Simon Turner and his family had only lived in their home for a week. But after a wildfire tore through their Medford neighborhood, everything in that new home was gone.
Turner, his girlfriend Lensie Shaw, and their one-year-old daughter, Cordi, lived in one of the 4,400 homes that were destroyed by Oregon wildfires in 2020, and were among the 24,956 Oregonians who applied for assistance from the Federal Emergency Management Agency, the agency said.
On Friday, thanks to FEMA, Turner and Shaw will move into a temporary mobile home in a Central Point RV park, becoming the first of roughly 325 families in the Medford area approved for temporary housing after losing their homes to the Labor Day fires.
“That’s huge,” Turner said of the assistance. “It’s going to bring me and my family back together.”
Since the fire, Shaw and their baby have been staying with her family in Coos Bay, while Turner has stayed with friends in Medford to keep working, she said. Turner works as a drug and alcohol counselor, and recently started his own business doing photography, filmmaking and DJing.
That new career path had looked promising. At the onset of the pandemic, Turner started DJing live sets online, hoping to bring joy into the lives of people stuck at home. But the fire destroyed all of his new equipment, along with virtually all of the family’s belongings.
That’s left the young family to start from scratch, and for the last two months it’s forced Turner to spend time away from his daughter, who took her first steps in Coos Bay this fall. The temporary housing will be a stepping stone while they look to buy a new home together, he said, hopefully sometime soon.
FEMA spokesman Paul Corah said Friday that the housing is meant to provide a stabilizing first step for survivors as they get back on their feet. They’ll be able to live in the mobile homes for up to 18 months after the disaster — through March of 2022. Ideally people will be able to return to their property once it’s safe to do so and those who can’t move back will move on.
Corah said the mobile homes are particularly important in Southern Oregon, where there aren’t as many rental homes or apartments available. According to FEMA, more than 1,000 people in the Medford area have been living in hotels since September, many of whom will move into the temporary homes in the coming weeks.
“It’s a huge housing mission,” Corah said. “This is the very first step we need to take, getting the people back in the community thriving again.”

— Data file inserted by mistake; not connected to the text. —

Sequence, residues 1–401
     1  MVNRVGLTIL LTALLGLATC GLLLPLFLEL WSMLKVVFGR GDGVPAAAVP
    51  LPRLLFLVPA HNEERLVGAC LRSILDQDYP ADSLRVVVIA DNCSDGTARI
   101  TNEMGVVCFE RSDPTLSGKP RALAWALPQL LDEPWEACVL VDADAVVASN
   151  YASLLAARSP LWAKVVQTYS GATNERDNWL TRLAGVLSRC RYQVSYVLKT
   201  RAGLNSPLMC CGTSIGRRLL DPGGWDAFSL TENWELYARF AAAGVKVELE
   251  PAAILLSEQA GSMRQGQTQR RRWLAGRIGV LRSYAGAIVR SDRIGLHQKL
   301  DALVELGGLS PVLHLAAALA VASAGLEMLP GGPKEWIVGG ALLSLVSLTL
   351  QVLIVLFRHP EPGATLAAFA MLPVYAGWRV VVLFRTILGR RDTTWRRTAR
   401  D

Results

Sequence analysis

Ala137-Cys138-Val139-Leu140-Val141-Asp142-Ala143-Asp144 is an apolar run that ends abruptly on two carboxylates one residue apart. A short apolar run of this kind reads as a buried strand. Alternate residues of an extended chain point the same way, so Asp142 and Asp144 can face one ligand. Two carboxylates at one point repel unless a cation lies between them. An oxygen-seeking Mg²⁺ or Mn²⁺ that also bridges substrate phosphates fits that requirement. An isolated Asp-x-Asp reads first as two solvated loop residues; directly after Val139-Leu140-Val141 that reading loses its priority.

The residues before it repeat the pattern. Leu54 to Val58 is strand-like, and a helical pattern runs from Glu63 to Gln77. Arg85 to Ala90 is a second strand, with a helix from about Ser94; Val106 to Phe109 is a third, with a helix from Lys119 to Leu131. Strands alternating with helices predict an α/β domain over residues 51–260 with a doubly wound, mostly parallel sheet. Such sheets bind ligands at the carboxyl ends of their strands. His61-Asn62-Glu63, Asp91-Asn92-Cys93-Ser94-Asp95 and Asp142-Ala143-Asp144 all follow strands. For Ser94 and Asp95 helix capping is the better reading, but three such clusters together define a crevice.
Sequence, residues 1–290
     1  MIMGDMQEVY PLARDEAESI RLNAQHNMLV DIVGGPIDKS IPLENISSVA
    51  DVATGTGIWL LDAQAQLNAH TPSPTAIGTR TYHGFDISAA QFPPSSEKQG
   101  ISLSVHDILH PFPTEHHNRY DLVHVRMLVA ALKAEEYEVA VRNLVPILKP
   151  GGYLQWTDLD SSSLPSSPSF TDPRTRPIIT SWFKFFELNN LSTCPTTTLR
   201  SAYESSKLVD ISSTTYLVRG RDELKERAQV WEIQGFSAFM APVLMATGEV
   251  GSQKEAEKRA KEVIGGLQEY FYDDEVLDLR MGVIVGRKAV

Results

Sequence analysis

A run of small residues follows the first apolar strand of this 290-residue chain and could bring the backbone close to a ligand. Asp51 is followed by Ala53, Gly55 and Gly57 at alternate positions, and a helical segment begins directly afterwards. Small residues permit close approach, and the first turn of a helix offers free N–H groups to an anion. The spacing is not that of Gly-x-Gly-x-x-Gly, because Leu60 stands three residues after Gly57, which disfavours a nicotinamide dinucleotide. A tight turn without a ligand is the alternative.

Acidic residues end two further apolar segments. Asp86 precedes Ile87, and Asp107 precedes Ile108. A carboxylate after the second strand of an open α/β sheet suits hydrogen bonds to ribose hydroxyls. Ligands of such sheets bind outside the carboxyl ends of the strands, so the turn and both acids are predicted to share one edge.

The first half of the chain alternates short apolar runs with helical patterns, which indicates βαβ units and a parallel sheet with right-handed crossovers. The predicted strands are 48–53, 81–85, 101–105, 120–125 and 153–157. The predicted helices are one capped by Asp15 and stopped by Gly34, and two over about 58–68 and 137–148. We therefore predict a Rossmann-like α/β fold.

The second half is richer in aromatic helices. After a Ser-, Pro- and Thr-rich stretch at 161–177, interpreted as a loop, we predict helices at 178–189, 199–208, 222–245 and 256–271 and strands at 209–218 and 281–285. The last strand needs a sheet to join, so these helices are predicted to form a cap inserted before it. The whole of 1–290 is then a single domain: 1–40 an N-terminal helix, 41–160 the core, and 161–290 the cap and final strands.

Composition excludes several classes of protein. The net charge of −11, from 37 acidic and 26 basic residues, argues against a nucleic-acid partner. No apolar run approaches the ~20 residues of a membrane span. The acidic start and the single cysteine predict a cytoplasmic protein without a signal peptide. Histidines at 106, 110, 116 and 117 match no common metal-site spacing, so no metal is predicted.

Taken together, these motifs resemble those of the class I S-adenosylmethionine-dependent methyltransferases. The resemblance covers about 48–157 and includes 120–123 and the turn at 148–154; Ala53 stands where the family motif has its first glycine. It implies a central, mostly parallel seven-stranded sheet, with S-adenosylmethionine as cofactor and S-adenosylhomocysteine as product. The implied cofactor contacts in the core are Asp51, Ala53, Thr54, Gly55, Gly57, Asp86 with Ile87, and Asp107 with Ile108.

FEMA has previously rolled out the mobile homes for wildfire survivors in California, as well as people in other parts of the country displaced by tornadoes and hurricanes. The agency usually tries to find people housing close to their schools and family, Corah said, and typically uses the mobile homes as a last resort.
He added that there’s a chance they may need to be used more frequently in the future, as climate change results in more frequent – and often more devastating – natural disasters across the U.S.
“We’ve seen an increase in disasters across the United States,” Corah said. “Obviously this is the biggest disaster FEMA has ever seen in Oregon.”
Oregon wildfires burned more than 1 million acres of land this year and killed nearly a dozen people. Some who lived in the path of the fires just barely managed to escape, and many were only able to leave with a few belongings and the clothes on their backs.
Turner said they only had enough time to grab important documents and a change of clothes before speeding away to safety. And while they wouldn’t know the fate of their home for another four days, he said he had a feeling it wouldn’t be there when they returned.
“I knew when we were leaving the house,” he said. “Something told me, ‘Simon you’re never going to see this stuff again.’”
A U.S. Army veteran who served a year in Afghanistan, Turner said he drew on his military experience to get his family through it. There was no room for emotions, he said, only survival and the next step ahead.
He’s drawn on different experiences in the months since the fire, using the coping skills he teaches addicts as a counselor to focus on the positive. The fire has brought his young family closer together, he said, strengthened his relationship with Shaw and given them all a completely fresh start.
He said he prefers to focus not on the loss, but on the growth that’s happening as a result.
“You control your thoughts through how you look at things,” Turner said. “I’m choosing for things to get better from that fire moving on.”